What is Server Name Indication (SNI)?
What is SNI?
An encrypted server name indication or encrypted SNI is a TLS protocol’s extension. At the beginning of the TLS handshake, a client or browser can determine the hostname it is attempting to connect to. As a result, the server is able to display numerous certificates utilizing the same IP address as well as port.
Previously, port 443 (https) could not be shared; therefore, any SSL website you hosted required its own IP address on your server. This would not work for one or both of your websites on some servers (like IIS, for instance). By enabling SNI, you can reduce the number of internal and external IP addresses used to serve https-encrypted pages.
What is a Server Name?
SNI really "signifies" the domain name or hostname of a site, which could be unique from the central server’s name handling domain. In essence, hosting numerous domains on a single server is typical; in such a situation, they are called virtual host names.
A server name is nothing more than the identification criterion of a PC. Unless the server hosts just one domain and the server name is identical to the domain name, this name is typically not displayed to end users regarding web servers.
How SNI works?
SNI is a required extension for IPv4, considering that there are only about 4 billion IPs globally, and not all of them are capable of hosting SSL certificates. Hence, protecting several domain names on 1 IP becomes difficult.
SNI enables website owners to register as many domains and subdomains as they desire without being restricted by the number of existing addresses.
For SNI to operate, both the client and the web server must support it. If they choose not to, the visitor will access a default website; often one hosted on port 443.
It implies that users who access your website through unencrypted routes, such as links from other websites or Google search results, won't get their traffic encoded. This is usually not a problem, though, as most browsers now automatically reroute to a website's secure version (which typically begins with "HTTPS://").
Why use Server Name Indication (SNI)?
Using a single SSL certificate for all subdomains or different domains on a single IP address saves time and money because it is less expensive and more straightforward to acquire than a certificate for each website address.
The fact that there is only one SSL Certificate Authority (CA) issuing certificates makes SNI hosting more trustworthy. Because there would be numerous CAs involved in traditional wildcard or multi-domain certificates, if one of them were exploited, there might be cybersecurity breaches.
Even if your website receives a lot of traffic, you can still use SNI hosting because a TLS handshake always takes place at the start of an Encrypted connection and has no impact on the performance.
What is TLS?
Data exchanged between applications over the Internet is secured and end-to-end using the cryptographic protocol TLS.
For instance, the padlock icon that appears in web browsers when a secure session is initiated makes it most familiar to consumers when used in secure web browsing.
Using it for other applications, such as email, file transfers, video/audio conferencing, instant messaging, voice-over IP, and Internet services like DNS and NTP, is also possible and recommended.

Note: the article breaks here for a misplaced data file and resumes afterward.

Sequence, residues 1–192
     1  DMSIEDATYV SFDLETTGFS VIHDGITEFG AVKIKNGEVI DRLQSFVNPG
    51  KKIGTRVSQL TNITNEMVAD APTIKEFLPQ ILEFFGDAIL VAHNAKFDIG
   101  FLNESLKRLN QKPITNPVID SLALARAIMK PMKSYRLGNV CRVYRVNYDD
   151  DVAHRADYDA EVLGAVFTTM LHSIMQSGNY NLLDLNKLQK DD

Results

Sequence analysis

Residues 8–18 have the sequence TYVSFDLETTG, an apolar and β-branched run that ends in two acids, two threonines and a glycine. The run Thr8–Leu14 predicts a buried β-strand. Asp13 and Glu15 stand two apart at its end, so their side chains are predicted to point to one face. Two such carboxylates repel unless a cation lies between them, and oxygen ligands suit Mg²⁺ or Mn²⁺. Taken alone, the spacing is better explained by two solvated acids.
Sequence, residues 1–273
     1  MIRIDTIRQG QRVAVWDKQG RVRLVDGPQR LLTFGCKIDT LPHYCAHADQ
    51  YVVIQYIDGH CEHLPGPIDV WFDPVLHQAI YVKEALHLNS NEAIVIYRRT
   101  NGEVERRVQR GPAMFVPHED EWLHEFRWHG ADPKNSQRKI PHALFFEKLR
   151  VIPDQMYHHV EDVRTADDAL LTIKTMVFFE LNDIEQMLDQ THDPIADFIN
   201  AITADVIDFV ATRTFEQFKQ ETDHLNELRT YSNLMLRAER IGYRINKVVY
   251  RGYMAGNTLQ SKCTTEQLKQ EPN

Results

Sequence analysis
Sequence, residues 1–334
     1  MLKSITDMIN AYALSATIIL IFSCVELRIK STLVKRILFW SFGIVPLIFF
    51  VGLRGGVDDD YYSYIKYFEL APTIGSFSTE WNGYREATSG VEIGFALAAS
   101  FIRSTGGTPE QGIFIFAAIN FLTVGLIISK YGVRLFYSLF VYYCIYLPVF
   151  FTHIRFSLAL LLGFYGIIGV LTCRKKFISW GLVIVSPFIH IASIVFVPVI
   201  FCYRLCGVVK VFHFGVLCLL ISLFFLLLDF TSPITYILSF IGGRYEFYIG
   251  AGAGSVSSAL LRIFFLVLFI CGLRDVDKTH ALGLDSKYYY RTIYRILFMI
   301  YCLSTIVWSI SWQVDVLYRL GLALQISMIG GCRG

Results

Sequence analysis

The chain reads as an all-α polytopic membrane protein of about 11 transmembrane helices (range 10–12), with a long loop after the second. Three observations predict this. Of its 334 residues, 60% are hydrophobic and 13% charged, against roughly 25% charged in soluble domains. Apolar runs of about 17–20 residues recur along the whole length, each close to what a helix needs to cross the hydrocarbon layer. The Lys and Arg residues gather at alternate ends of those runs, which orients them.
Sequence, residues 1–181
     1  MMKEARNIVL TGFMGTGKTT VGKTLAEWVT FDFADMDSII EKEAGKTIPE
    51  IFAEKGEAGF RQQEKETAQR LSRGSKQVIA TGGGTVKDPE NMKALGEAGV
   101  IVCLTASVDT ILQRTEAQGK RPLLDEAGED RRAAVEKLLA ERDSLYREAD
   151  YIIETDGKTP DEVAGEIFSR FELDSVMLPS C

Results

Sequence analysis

What does the SNI extension for TLS do?
SNI, at the commencement of the TLS handshake, allows a client/browser to provide the hostname it is attempting to get associated with. Several certificates can now be shown on the same IP address and port by the server.
What is a hostname? What is a virtual hostname?
A device that connects to a network is known by its hostname. It is a type of domain name when used on the Internet. From the IP address connected to the domain name, both are unique.
A hostname hosted on a server with several other hostnames that do not have its IP address is known as a virtual hostname.
In the same way that virtual reality only occurs in the digital realm and not in the real world, this technology is "virtual" because it lacks a specific hardware server.
Which Browsers Support SNI?
Almost all popular browsers support this feature, and hence, there is no disadvantage in adopting it no matter which browsers your end-users prefer. Here is a quick list for your reference:
- Google Chrome
- 5.0.342.1+ on Mac OS X 10.5.7+
- 6+ on Windows XP and Vista
- Opera 8.0+ (Support for the TLS protocol must be activated).
- Safari 2.1+
- on Mac OS X 10.5.6+
- on Windows Vista
- Mozilla Firefox 2.0+
The future of SNI
Despite being established in 2003, SNI is gradually becoming a more widely used technology in the field of security and server name indication SSL certificates. SNI can save time, cash, and frustrations when it comes to protecting your company's or website's online presence, even though not every website owner is obliged to use it.
Server name indication is the best option if you want a more secure and flexible solution to encrypt your website. The SNI SSL certificates provide a lot of security and are less expensive and simpler to maintain than conventional wildcard certificates. They are more adaptable than typical SSL certificates because you can use them on multiple IP addresses.